Give me a break. Don’t get me wrong, 100k, 500k, 1 million dollars is a huge sum of money. But to think that these guys ever approached this as anything other than them being touted as the ‘experts’ on who wins what is crap. Add to that I seriously doubt anyone ever looked at this from a perception standpoint and thought wow, they are making this guy rich. I would disagree.

Curt Schilling may disagree, but let’s look at this from a journalistic standpoint. Curt Schilling’s new contract includes a clause where he needs to draw just one third-place vote to kick in a $1 million bonus. Do you know how many Cy Young Awards have depended upon those third-place votes? I’m leaning toward none.

So what’s from stopping one of Curt’s friends from tossing a throw-away third-place vote his way? Every voter fills out a 1-2-3 ballot, and if Curt ends up with one meager vote, the $1 million is his. That reeks of unethical journalistic behavior right there.

Schilling, in my opinion, has it wrong. This move by the BBWAA isn’t one of their efforts to steal the thunder from the players; it’s an effort to make sure that all of their voting members are following the guidelines of their profession. It’s a sad commentary on the state of journalism than such a move by the BBWAA is necessary, but it isn’t an attempt, as Schilling would have us believe, by the journalists to upstage the players.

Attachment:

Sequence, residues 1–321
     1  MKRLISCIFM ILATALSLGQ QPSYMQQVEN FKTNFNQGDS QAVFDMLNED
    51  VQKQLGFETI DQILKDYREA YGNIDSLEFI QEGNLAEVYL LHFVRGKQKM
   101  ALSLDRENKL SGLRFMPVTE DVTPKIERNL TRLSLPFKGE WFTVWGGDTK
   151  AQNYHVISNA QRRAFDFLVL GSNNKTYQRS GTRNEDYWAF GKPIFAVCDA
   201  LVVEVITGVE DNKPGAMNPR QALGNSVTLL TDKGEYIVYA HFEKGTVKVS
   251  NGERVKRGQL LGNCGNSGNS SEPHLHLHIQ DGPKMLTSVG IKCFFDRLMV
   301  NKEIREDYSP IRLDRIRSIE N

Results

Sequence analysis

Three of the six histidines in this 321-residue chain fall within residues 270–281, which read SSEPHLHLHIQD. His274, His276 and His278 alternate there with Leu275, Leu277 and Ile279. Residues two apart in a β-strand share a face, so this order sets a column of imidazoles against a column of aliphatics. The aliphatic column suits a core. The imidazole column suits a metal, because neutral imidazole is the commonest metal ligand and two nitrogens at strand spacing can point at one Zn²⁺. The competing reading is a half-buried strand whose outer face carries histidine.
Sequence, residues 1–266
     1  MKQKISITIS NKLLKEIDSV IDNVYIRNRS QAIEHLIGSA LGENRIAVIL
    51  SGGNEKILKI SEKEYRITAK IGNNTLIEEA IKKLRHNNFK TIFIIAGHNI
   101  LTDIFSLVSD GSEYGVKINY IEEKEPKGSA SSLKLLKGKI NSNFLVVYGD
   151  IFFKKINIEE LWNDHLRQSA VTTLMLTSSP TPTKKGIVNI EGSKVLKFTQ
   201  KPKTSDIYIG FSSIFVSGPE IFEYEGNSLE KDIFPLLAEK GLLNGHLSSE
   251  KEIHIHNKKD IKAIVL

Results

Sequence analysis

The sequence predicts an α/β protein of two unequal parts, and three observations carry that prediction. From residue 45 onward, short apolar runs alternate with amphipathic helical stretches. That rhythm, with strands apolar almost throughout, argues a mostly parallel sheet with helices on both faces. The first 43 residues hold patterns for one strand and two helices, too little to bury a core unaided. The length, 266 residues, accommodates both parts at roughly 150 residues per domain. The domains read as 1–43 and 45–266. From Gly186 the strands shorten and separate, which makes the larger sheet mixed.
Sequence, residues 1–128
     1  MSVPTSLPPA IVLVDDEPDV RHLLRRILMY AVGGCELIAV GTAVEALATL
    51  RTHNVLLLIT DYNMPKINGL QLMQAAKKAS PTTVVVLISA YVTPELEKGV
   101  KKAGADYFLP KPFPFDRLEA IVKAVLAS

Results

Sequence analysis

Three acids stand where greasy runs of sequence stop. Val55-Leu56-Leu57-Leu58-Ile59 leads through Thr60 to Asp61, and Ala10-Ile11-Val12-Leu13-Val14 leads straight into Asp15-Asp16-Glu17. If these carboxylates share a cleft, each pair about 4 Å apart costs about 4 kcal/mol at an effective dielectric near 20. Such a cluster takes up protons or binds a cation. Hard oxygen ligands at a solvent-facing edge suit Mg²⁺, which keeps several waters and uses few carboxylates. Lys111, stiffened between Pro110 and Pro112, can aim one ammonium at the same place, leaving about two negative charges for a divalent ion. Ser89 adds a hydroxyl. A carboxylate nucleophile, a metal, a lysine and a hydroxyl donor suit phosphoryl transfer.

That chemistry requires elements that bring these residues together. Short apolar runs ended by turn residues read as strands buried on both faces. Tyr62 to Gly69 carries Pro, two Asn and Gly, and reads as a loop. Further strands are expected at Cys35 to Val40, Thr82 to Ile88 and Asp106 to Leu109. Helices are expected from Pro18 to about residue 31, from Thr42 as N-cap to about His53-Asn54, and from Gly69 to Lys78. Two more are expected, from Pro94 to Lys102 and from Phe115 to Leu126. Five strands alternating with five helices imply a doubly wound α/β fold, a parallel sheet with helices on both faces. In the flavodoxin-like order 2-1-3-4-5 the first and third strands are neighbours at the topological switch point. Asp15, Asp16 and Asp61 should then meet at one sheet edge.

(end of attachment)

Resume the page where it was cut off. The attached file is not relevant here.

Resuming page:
In the end, Curt says it best himself. “It only takes 1-2 guys to screw it up and those guys exist in decent numbers,” he writes. The same holds true on the other end as well. In this case, it only takes one guy to kick back a million bucks, and any effort to end that practice should be applauded.

Categories : NYC Sports Media
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Our buddies at MLB Trade Rumors directed us to this article in the Rochester Democrat & Chronicle. Scroll past the football bits, and you’ll land on this gem:

The Philadelphia Phillies reportedly have a mild interest in New York Yankees pitcher Mike Mussina. Pitching against National League lineups, without designated hitters, could extend Mussina’s career long enough to boost his Hall of Fame hopes. He’s no cinch to make the Yankees’ starting rotation.